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The missing link

The discovery of radio emissions from brown dwarfs may unlock the mysteries of how pulsars work.
Provided by NRAO, Socorro, New Mexico
This artist's impression shows the "super-aurorae" present at the magnetic poles of brown dwarfs, where the extremely bright beams of radiation originate. These beams sweep Earth once each time the dwarf rotates, producing periodic pulses.
Hallinan et al./NRAO/AUI/NSF
This artist's impression shows the "super-aurorae" present at the magnetic poles of brown dwarfs, where the extremely bright beams of radiation originate. These beams sweep Earth once each time the dwarf rotates, producing periodic pulses.
Hallinan et al./NRAO/AUI/NSF
April 19, 2007
Brown dwarfs, thought just a few years ago to be incapable of emitting any significant amounts of radio waves, have been discovered putting out extremely bright "lighthouse beams" of radio waves, much like pulsars. A team of astronomers made the discovery using the National Science Foundation's Very Large Array (VLA) radio telescope.

"These beams rotate with the brown dwarf, and we see them when the beam passes over the Earth. This is the same way we see pulses from pulsars," said Gregg Hallinan of the National University of Ireland, Galway. "We now think brown dwarfs may be a missing link between pulsars and planets in our own Solar System, which also emit, but more weakly," he added.

Brown dwarfs are enigmatic objects that are too small to be stars but too large to be planets. They are sometimes called "failed stars" because they have too little mass to trigger hydrogen fusion reactions at their cores, the source of the energy output in larger stars. With roughly 15 to 80 times the mass of Jupiter, the largest planet in our Solar System, brown dwarfs were long thought to exist. However, it was not until 1995 that astronomers were able to actually find one. A few dozen are known today.

In 2001, a group of summer students at the National Radio Astronomy Observatory used the VLA to observe a brown dwarf, even though seasoned astronomers had told them that brown dwarfs were not observable at radio wavelengths. Their discovery of a strong flare of radio emission from the object surprised astronomers, and the students' scientific paper on the discovery was published in the prestigious scientific journal Nature.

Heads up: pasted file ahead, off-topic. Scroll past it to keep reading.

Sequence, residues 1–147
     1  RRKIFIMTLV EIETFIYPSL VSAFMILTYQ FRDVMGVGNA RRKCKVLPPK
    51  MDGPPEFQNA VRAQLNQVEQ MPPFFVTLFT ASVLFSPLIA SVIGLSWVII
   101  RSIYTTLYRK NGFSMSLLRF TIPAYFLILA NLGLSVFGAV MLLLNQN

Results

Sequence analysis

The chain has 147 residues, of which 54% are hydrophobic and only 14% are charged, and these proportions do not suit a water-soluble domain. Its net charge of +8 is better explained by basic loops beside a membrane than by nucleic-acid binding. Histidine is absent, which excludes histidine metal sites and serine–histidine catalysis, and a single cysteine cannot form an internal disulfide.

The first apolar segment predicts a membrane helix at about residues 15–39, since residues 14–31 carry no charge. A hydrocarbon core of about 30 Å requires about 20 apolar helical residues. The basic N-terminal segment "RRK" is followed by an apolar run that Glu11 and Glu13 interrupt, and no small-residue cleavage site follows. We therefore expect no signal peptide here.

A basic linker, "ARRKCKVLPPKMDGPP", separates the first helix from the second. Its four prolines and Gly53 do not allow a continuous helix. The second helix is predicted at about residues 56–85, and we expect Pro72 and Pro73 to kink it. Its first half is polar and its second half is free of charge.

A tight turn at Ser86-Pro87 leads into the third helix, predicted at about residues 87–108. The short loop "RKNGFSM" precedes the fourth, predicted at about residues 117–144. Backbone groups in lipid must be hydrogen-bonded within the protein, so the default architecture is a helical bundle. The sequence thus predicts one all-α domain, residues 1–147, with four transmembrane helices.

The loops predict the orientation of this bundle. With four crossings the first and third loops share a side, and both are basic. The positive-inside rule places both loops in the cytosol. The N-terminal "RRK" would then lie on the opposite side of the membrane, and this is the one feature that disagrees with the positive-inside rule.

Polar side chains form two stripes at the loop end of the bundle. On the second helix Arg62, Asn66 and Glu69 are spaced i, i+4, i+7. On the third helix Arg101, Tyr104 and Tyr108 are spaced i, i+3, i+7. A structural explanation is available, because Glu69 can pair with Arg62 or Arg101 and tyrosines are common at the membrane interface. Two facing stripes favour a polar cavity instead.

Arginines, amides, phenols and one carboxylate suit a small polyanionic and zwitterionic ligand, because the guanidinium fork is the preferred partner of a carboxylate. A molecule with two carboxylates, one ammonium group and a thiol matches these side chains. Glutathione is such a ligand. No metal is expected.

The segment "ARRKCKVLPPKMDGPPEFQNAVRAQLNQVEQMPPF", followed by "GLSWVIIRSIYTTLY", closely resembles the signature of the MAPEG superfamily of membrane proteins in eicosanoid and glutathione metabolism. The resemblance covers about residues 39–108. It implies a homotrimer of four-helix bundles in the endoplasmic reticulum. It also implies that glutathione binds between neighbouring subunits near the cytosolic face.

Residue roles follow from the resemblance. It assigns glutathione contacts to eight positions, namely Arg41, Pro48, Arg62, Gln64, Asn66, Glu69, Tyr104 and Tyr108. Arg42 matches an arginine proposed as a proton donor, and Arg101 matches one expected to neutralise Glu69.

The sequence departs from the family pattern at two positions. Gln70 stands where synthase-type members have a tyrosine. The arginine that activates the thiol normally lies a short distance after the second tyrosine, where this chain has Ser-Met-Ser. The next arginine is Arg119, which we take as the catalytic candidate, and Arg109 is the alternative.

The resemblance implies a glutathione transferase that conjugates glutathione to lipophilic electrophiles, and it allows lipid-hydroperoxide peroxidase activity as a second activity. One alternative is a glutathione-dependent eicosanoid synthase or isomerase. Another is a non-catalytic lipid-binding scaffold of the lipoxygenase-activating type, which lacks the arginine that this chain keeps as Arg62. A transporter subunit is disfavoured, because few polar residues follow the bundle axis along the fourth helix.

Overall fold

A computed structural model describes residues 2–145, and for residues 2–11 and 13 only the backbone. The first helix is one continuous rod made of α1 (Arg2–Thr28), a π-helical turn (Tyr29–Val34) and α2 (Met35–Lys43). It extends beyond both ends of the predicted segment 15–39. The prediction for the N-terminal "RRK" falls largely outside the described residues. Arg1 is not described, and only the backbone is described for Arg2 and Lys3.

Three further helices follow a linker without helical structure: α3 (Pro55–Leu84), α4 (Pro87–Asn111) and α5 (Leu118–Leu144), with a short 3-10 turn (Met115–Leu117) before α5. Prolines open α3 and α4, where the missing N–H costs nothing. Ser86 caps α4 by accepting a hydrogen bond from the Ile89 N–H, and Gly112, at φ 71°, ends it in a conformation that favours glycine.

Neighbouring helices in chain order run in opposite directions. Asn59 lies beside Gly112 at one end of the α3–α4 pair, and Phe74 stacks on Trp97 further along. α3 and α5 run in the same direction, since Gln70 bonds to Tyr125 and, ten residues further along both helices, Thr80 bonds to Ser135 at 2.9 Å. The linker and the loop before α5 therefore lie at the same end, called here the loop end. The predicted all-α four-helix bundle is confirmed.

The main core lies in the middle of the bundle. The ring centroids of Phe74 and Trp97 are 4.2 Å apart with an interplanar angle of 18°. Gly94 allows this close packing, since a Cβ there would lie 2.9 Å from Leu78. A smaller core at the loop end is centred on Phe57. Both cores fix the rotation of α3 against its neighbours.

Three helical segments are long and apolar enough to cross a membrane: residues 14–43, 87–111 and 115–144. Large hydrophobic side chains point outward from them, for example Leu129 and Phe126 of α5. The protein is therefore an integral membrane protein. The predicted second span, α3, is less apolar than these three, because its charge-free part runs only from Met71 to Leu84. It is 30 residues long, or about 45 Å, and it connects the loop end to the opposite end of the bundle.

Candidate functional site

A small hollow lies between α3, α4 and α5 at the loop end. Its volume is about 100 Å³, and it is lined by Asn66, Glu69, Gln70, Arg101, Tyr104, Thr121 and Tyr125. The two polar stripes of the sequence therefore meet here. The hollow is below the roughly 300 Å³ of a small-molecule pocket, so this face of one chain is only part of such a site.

Hallinan and his team observed a set of brown dwarfs with the VLA last year, and found that three of the objects emit extremely strong, repeating pulses of radio waves. They concluded that the pulses come from beams emitted from the magnetic poles of the brown dwarfs. This is similar to the beamed emission from pulsars, which are super dense neutron stars, and much more massive than brown dwarfs.

The characteristics of the beamed radio emission from the brown dwarfs suggest that it is produced by a mechanism also seen at work in planets, including Jupiter and Earth. This process involves electrons interacting with the planet's magnetic field to produce radio waves that are amplified by natural masers, the same way a laser amplifies light waves.

"The brown dwarfs we observed are between planets and pulsars in the strength of their radio emissions," said Aaron Golden, also of the National University of Ireland, Galway. "While we don't think the mechanism that's producing the radio waves in brown dwarfs is exactly the same as that producing pulsar radio emissions, we think there may be enough similarities that further study of brown dwarfs may help unlock some of the mysteries about how pulsars work," he said.

While pulsars were discovered 40 years ago, scientists still do not understand the details of how their strong radio emissions are produced.

The brown dwarfs rotate at a much more leisurely pace than pulsars. While pulsars rotate and produce observed pulses several times a second to hundreds of times a second, the brown dwarfs observed with the VLA are showing pulses roughly once every two to three hours.
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